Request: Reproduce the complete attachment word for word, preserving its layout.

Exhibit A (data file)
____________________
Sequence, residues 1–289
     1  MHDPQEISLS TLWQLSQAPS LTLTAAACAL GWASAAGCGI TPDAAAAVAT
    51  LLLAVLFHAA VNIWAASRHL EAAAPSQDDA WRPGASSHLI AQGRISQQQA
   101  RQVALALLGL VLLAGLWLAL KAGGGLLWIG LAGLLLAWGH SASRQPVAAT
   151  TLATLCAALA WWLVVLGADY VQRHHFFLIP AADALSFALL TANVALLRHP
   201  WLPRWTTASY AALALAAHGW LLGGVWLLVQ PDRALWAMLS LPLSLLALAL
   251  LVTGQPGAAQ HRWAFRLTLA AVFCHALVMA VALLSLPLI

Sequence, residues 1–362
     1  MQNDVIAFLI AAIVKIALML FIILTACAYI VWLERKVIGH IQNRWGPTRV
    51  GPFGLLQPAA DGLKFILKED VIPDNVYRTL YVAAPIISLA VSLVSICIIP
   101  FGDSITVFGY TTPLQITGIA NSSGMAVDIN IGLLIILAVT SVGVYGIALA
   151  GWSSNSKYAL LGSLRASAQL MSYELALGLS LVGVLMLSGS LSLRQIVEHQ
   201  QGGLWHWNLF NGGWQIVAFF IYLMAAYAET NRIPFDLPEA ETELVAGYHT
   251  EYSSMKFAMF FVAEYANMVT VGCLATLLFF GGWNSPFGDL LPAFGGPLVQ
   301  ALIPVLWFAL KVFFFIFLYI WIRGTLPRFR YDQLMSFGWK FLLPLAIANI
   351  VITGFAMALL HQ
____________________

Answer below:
Sequence, residues 1–289
     1  MHDPQEISLS TLWQLSQAPS LTLTAAACAL GWASAAGCGI TPDAAAAVAT
    51  LLLAVLFHAA VNIWAASRHL EAAAPSQDDA WRPGASSHLI AQGRISQQQA
   101  RQVALALLGL VLLAGLWLAL KAGGGLLWIG LAGLLLAWGH SASRQPVAAT
   151  TLATLCAALA WWLVVLGADY VQRHHFFLIP AADALSFALL TANVALLRHP
   201  WLPRWTTASY AALALAAHGW LLGGVWLLVQ PDRALWAMLS LPLSLLALAL
   251  LVTGQPGAAQ HRWAFRLTLA AVFCHALVMA VALLSLPLI

Sequence, residues 1–362
     1  MQNDVIAFLI AAIVKIALML FIILTACAYI VWLERKVIGH IQNRWGPTRV
    51  GPFGLLQPAA DGLKFILKED VIPDNVYRTL YVAAPIISLA VSLVSICIIP
   101  FGDSITVFGY TTPLQITGIA NSSGMAVDIN IGLLIILAVT SVGVYGIALA
   151  GWSSNSKYAL LGSLRASAQL MSYELALGLS LVGVLMLSGS LSLRQIVEHQ
   201  QGGLWHWNLF NGGWQIVAFF IYLMAAYAET NRIPFDLPEA ETELVAGYHT
   251  EYSSMKFAMF FVAEYANMVT VGCLATLLFF GGWNSPFGDL LPAFGGPLVQ
   301  ALIPVLWFAL KVFFFIFLYI WIRGTLPRFR YDQLMSFGWK FLLPLAIANI
   351  VITGFAMALL HQ